Elaborate doorways may be found throughout Madison.
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Madison, Indiana

Lyman and Asenath Hoyt House

The Lyman and Asenath Hoyt House

The Lyman and Asenath Hoyt House
National Park Service

In the 1830s, native Vermonter Lyman Hoyt and his wife Asenath Whipple Hoyt moved to Lancaster, Indiana, a settlement 10 miles north of Madison. Organized in 1815, Lancaster had a strong connection to the anti-slavery movement. Hoyt and other Lancaster residents created the Neil’s Creek Anti-Slavery Society in 1839 with the goal of mobilizing the community’s abolitionist efforts. The society took on a religious bent when it formed the Neil’s Creek Anti-Slavery Baptist Church in 1846, writing a disavowal of slavery into its bylaws. When Rev. Thomas Cravens of Oxford, Ohio expressed interest in organizing a school that allowed all to attend, regardless of color or gender, the Anti-Slavery Society helped build Eleutherian College, the first desegregated higher education institution in Indiana.

Many members of Neil’s Creek Church were active in the Underground Railroad, with the Hoyt family being no exception. Late 19th-century accounts confirm that Lyman Hoyt helped transport enslaved African Americans to stops along the Underground Railroad and hid freedom seekers on his property when fugitive slave catchers traveled through Lancaster. After Lyman’s death in 1857, the Hoyt family members stopped their direct association with the Underground Railroad, but Lyman Hoyt's widow and seven children continued supporting civil rights causes into the 20th century.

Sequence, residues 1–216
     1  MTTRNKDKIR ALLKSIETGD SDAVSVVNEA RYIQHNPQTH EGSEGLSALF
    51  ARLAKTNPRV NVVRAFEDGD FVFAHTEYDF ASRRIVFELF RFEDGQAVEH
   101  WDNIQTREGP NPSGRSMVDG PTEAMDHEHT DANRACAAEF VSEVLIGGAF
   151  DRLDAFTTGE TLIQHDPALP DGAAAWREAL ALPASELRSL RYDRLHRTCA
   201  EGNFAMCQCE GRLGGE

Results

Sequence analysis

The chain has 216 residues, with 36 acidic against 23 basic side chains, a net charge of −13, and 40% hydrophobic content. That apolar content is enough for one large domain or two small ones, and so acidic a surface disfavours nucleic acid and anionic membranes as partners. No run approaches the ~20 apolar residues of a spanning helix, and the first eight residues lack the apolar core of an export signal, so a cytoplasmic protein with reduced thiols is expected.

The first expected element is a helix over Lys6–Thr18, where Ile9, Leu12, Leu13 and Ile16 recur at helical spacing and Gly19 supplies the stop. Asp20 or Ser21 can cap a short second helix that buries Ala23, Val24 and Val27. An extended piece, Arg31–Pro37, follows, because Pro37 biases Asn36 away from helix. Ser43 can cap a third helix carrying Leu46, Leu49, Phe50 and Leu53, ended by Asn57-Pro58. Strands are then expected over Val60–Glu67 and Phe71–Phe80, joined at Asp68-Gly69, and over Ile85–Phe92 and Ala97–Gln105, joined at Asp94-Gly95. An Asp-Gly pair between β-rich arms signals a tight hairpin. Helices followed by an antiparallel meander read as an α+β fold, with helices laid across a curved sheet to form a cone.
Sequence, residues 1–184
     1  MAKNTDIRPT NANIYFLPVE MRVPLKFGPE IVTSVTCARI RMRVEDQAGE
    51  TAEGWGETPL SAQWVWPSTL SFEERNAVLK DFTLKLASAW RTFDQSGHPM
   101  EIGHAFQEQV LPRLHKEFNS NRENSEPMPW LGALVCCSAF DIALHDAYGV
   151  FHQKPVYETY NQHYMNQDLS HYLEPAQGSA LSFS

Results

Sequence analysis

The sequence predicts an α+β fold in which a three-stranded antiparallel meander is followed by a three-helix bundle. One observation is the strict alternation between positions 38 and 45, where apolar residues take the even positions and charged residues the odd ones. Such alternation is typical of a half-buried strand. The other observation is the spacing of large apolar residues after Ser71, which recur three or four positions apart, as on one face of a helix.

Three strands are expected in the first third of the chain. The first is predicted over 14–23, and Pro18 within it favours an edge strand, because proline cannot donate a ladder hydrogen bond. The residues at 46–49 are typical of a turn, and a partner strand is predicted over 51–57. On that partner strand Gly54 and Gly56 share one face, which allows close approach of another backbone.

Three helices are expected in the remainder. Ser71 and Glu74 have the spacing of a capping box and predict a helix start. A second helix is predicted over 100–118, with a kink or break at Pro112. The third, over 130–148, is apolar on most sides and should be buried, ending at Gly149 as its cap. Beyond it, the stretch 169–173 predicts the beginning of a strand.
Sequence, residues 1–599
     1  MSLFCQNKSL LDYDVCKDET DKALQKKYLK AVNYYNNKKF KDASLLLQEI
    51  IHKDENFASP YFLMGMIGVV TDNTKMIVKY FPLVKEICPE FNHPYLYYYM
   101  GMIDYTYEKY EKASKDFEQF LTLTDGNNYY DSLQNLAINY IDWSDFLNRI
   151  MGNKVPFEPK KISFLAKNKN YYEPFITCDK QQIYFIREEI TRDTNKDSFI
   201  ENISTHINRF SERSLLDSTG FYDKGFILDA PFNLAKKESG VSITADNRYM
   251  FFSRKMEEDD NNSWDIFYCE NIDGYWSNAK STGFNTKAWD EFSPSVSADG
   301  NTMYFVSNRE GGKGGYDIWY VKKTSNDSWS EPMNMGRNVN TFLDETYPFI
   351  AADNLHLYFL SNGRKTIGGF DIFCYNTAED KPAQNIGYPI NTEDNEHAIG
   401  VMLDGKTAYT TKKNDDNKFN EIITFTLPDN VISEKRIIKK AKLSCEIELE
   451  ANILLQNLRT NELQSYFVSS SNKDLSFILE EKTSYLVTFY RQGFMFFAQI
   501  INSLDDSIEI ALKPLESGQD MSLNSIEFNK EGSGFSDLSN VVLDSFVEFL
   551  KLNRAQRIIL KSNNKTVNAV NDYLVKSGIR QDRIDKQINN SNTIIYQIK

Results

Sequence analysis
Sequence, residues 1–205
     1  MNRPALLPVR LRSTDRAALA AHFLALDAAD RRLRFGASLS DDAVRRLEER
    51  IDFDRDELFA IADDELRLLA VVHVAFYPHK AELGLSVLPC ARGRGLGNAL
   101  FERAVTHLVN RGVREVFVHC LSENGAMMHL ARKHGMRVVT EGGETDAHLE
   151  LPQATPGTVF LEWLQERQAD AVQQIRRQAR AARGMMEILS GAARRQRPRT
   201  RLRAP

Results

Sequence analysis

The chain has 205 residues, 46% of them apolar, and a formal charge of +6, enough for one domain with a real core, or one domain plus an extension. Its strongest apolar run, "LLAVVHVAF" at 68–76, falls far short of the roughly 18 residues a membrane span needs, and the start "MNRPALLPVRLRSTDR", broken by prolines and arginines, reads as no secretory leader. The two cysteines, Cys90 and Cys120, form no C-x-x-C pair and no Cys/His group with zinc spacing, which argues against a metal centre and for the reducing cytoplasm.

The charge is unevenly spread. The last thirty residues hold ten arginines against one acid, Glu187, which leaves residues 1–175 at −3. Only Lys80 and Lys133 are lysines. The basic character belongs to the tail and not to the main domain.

The Lyman and Asenath Hoyt House dates from sometime during the 1850s, around the same time Eleutherian College was being constructed about half a mile to the east. The two buildings have remarkable similarities, both showcasing sturdy, rough-hewn limestone construction and decorative corner quoins. Since the house and Eleutherian College are the only two Greek Revival buildings in Lancaster, it is likely the same local builder designed both buildings. The roofline contains decorative details like the semicircular vent in the front gable, scalloped wood trim, and small wood returns on the deep eave overhang.

The Lyman and Asenath Hoyt House is listed in the National Register of Historic Places and is a National Underground Railroad Network to Freedom site.

Plan your visit

The Lyman and Asenath Hoyt House, part of the National Park Service’s National Underground Railroad Network to Freedom, is located at 71 47 W. State Rd. 250 in Lancaster, Indiana, about .5 mile from Eleutherian College. Click here for the Network to Freedom information. To reach the Hoyt House, take IN-7 north to SR 250. Head east on SR 250 3 miles. The building, owned by the non-profit Historic Eleutherian College, Inc., is not currently open to the public. For more information, call the Historic Eleutherian College, Inc. at 812-866-7291.

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